Because of data protection regulations, most browsers (such as Safari and Firefox) currently block 3rd party cookies by default. And it’s also why Google Chrome plans to eliminate cookies by 2023.

Just like 3rd party cookies, however, IPs can also be considered personal identifiers. That’s why many organizations choose to apply IP data in privacy-protected ways. For instance, some IPinfo users use last digit IP anonymization as one of their data protection methods.

Personal identifiers means information relating to an individual that contains direct or indirect identifiers to which a reasonable basis exists to believe that the information can be used to identify an individual.

And since several organizations use this method in their arsenal of privacy policies, our team at IPinfo started researching the effect of hashing out the last digits of IP addresses.

Here’s what we discovered.

The impact of anonymizing IP addresses

For those who aren’t familiar with this strategy, here’s a bit of background.

Normally, an IP shows up something like this: But when you use last-digit anonymization, the last numbers will be rounded to the nearest value. In this case, the IP would resolve to

While this is a pretty straightforward method to protect individuals’ data, it also raises a few questions:

  • How does this method affect the accuracy of IP data?
  • How does this strategy affect reliability of use cases?

These are the questions that IPinfo’s data team researched over the last few months.

How does last digit IP anonymization affect accuracy?

Geolocation data

When using last-digit anonymization, the coded location for IPinfo users stayed the same for about 90 percent of cases (and 99.6 percent had the same country code).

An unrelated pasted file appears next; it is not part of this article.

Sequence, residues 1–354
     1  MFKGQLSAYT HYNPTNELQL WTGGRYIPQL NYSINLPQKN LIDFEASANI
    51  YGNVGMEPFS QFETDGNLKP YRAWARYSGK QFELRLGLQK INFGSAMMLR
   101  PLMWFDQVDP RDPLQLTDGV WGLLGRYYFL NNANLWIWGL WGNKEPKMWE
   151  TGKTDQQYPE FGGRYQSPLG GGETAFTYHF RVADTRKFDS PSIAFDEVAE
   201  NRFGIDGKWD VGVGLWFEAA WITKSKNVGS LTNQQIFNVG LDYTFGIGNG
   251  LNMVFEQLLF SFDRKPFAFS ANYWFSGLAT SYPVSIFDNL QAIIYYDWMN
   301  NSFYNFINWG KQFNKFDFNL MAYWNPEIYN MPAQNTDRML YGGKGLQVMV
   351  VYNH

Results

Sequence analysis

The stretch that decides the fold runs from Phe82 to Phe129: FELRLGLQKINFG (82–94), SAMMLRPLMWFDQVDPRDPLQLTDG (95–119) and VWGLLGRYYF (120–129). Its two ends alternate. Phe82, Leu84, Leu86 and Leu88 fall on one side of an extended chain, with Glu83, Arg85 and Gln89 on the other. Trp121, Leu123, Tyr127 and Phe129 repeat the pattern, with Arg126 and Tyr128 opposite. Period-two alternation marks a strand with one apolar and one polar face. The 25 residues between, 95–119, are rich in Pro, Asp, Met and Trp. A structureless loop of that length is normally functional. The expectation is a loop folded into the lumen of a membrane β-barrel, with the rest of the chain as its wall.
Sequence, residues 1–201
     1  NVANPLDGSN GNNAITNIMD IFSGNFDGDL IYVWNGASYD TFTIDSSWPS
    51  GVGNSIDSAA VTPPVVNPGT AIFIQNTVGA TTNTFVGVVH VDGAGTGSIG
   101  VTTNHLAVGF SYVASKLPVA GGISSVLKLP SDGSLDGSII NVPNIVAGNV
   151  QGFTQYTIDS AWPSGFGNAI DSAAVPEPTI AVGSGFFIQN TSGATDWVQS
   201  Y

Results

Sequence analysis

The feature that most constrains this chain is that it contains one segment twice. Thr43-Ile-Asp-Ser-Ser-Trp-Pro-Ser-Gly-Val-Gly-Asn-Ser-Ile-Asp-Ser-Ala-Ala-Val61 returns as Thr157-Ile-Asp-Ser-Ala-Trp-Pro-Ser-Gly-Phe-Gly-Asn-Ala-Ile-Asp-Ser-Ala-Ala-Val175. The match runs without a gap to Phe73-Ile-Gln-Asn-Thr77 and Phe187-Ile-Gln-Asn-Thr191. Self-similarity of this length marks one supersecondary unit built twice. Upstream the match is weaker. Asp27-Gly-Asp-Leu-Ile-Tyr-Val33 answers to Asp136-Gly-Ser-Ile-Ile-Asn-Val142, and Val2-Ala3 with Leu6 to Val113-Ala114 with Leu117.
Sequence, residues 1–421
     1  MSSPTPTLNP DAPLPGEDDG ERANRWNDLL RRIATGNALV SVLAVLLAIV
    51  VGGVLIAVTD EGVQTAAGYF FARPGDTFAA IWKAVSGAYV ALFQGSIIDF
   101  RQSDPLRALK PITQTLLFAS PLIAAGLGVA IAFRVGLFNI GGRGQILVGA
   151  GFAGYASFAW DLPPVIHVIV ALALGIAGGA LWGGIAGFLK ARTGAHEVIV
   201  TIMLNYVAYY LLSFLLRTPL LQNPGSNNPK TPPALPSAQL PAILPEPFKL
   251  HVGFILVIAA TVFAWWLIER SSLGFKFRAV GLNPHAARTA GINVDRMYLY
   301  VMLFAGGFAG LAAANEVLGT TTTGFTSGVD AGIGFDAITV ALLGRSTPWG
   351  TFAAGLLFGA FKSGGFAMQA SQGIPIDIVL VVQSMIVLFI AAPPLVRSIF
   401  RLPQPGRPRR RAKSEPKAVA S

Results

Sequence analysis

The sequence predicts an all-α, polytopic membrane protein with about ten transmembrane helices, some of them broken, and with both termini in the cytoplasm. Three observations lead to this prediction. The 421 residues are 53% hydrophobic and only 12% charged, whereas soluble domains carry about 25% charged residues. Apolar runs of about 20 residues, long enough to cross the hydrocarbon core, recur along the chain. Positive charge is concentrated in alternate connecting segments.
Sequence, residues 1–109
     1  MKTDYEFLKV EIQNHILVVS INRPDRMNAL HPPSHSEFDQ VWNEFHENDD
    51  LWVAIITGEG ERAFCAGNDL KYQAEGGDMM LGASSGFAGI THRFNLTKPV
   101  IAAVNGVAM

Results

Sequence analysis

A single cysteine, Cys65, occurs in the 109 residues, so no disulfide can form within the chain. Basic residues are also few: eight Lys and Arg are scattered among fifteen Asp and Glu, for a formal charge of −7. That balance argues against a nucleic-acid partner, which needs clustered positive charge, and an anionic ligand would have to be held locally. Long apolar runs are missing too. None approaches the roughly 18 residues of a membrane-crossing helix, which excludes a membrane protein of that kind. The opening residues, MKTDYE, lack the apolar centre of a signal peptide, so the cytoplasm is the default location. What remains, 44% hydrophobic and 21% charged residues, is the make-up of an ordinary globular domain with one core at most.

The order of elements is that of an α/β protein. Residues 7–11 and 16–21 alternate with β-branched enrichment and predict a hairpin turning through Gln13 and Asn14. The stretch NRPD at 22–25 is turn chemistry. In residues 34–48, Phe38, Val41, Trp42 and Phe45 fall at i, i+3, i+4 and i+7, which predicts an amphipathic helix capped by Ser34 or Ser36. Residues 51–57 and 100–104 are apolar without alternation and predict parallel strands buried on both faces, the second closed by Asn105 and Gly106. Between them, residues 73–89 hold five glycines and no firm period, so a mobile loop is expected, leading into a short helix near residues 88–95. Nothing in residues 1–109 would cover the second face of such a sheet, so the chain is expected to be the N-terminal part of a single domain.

Number of IPs with the same geolocation %
12960637 0.897

However, we noticed that location variation from zeroing out the last octet produces a median difference of 227 kilometers (or around 141 miles). We also discovered that the users who are most negatively affected are those who have many requests (bubble size), who have many ranges that stay the same, but who also query mostly the small % that will change. For the implications of these metrics, keep reading.

Company data

Based on the analysis we conducted on IPs that were 16 bits and smaller, we deduced that Company data will retain around 86 percent accuracy when rounding to 24 bits

Moderate correlation of % /24s and requests, between users, when zeroing the last octet of an ip. Number of requests is proportional to bubble size.

And while we noticed some variance among tokens, the median accuracy was 86 percent. Additionally, 3 percent of users will experience no change in accuracy whatsoever. Essentially, the results are very similar to the geolocation percentage of accuracy.

In both cases, even though just about all users will notice some change, only a small number of IPinfo customers will notice a large coarsening of the data.

Carrier data

Most of our mobile carrier data doesn’t require the last octet to return information on the mobile IP’s carrier name, country code, and network code. In other words, this dataset automatically zeros out the last octet in most cases.

We have a few exceptions to this, but in general, most of our mobile carrier data only uses 24 bits of an IP address. All this to say, if users hash out the last octet, it shouldn’t affect the accuracy of the results.


Similar to Carrier data, VPN data normally rounds to a range (such as WHOIS). Unless we’ve gathered specific corrective details about a specific IP from, say, a geofeed, this dataset operates with 24 bit IPs. Zeroing out the last digits on the user end will rarely affect accuracy.